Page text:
and non-consensual sex, there is no mention of the Islamic texts and fatwas that sanction
the rape and murder of Muslim
and non-Muslim women, nor of their slavery, nor of the status of women in
Islam. I guess that is because we mustn’t judge another culture’s faith/ideology,
because that would be evidence of intellectual and moral “imperialism.”
Islam is an ideology tailor-made for macho men, and conforming to it would
require Conly to swelter in a burqa or else suffer rape and coercion. But, as with
most Western “feminists,” she has nothing to say on the subject.  

Conly
isn’t finished with her Witch Doctor’s rain-dancing. She’s at work on another opus,
this one about something very personal but whose abridgement or loss can’t be
“much of a loss,” either. She’s done your thinking for you.

I’ve now started on my next book, tentatively titled One: Do We have a
Right to More Children?
…. In One, I argue that opposition to
population regulation is based on a number of mistakes: that the right to have
a family doesn’t entail the right to have as many children as you may want;
that the right to control one’s body is conditional on how much harm you are
doing to others; and that nothing in population regulation entails that those
who break the law can be forced to have abortions, or subject to any sort of
punishment that is horrific. If population growth is sufficiently dangerous, it
is fair for us to impose restrictions on how many children we can give birth
to.

Nanny
has spoken, and will speak again. Having “too many” children may
“measurably” harm others. Welcome to China, that paragon of fascist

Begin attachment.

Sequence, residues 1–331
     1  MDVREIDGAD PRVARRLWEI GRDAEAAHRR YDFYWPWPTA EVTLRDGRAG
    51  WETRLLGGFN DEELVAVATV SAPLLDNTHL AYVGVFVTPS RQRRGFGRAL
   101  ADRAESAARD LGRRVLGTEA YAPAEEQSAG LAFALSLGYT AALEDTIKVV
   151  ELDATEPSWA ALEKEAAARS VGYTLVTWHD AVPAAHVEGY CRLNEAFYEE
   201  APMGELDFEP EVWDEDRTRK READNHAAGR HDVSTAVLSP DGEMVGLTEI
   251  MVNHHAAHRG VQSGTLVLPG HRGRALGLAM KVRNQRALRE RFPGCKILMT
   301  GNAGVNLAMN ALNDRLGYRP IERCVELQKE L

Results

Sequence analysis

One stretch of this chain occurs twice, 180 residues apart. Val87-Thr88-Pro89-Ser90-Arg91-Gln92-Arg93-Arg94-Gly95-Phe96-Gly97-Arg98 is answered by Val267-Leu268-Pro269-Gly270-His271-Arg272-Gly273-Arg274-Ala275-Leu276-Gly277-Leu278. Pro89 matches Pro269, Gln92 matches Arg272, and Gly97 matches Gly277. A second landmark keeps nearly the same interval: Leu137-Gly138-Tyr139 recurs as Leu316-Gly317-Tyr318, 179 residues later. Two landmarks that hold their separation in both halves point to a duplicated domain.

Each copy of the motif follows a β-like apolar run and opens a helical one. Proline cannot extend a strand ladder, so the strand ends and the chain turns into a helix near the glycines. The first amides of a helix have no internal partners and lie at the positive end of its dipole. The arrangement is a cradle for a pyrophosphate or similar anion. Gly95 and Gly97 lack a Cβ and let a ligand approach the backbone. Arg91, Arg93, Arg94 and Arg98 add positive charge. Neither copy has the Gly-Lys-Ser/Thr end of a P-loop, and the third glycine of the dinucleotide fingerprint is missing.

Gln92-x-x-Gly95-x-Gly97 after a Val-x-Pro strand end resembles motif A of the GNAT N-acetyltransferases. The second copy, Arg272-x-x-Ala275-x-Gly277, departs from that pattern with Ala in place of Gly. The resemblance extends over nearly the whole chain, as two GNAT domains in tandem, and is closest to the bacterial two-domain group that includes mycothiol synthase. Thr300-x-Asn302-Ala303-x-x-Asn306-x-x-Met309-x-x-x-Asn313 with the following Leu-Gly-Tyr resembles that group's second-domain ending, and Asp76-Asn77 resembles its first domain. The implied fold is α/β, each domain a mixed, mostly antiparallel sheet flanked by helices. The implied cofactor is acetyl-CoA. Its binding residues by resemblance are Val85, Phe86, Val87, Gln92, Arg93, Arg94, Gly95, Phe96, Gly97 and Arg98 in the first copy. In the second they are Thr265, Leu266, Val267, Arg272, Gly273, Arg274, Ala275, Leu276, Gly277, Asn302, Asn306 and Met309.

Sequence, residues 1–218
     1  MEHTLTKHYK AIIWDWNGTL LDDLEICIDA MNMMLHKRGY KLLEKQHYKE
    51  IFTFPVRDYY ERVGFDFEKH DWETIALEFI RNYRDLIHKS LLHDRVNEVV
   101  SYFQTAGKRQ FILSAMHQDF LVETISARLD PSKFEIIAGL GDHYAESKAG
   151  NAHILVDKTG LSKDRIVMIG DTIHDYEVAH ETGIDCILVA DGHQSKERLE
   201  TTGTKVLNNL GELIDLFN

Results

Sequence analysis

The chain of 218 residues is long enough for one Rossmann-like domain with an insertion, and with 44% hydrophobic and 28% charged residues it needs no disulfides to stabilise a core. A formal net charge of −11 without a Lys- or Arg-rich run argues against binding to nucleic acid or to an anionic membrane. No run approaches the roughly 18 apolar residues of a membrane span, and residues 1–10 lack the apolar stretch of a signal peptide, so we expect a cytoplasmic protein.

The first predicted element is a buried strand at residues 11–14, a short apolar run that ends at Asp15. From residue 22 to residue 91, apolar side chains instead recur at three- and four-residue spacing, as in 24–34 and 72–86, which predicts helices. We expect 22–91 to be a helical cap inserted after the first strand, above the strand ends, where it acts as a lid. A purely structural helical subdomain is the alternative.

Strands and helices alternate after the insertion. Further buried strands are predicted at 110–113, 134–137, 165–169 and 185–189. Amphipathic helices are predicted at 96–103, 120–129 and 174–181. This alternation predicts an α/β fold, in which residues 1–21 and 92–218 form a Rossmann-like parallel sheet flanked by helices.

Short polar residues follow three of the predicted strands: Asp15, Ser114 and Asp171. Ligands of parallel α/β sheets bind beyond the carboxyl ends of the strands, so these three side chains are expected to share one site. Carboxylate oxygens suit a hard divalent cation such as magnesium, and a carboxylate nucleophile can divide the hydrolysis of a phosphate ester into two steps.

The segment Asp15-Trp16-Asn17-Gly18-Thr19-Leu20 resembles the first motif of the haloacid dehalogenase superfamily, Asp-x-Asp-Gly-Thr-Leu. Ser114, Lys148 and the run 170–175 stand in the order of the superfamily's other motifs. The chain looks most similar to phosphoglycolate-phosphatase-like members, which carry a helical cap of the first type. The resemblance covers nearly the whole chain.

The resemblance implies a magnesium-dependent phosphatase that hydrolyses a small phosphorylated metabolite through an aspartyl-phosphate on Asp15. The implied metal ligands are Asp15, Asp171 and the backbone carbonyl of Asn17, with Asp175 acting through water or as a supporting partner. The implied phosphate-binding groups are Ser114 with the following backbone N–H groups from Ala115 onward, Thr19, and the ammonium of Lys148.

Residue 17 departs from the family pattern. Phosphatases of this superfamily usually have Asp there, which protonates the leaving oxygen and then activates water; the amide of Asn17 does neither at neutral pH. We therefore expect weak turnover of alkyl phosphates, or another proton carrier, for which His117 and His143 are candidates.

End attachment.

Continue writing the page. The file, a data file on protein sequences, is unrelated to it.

economic and population planning.

What
most people do not understand is that is it “thinkers” like Conly –
one of a long, long line of wannabe tyrants-by-proxy stretching back to Plato –
who empower, by default, the Attilas in our midst and in our political
establishment. Hitler, Mussolini, Lenin, Stalin, and Hugo Chavez, long before
they were even born, were preceded by generations of intellectuals who paved
the way for their rise to power. Conly doubtless will be a mere footnote to the
history of statism in America.

Nevertheless,
she deserves slapping down and exposure for what she is: a fantasizing
power-luster. If something evil comes this way, she has helped to open the door
to it.

1.  John Stuart Mill, On
Liberty.
1859 (London: Rowman
& Littlefield., 2005), p. 25.

Previous

Music, Movies, and Me

Next

The Associated Press’s Blanking Out

6 Comments

  1. Anonymous

    This wannabe philosopher-queen should look in the mirror and ponder what is rational about blind power lust.

  2. Edward Cline

    I had an extended email exchange with Conly, because I bcc'd her on thelink to the column. She didn't protest my allegations, but proceeded to call me names and doubt the readership of the column. After I corrected her on that point, she grew very nasty indeed, typica liberal response to criticism. Ed

  3. Unknown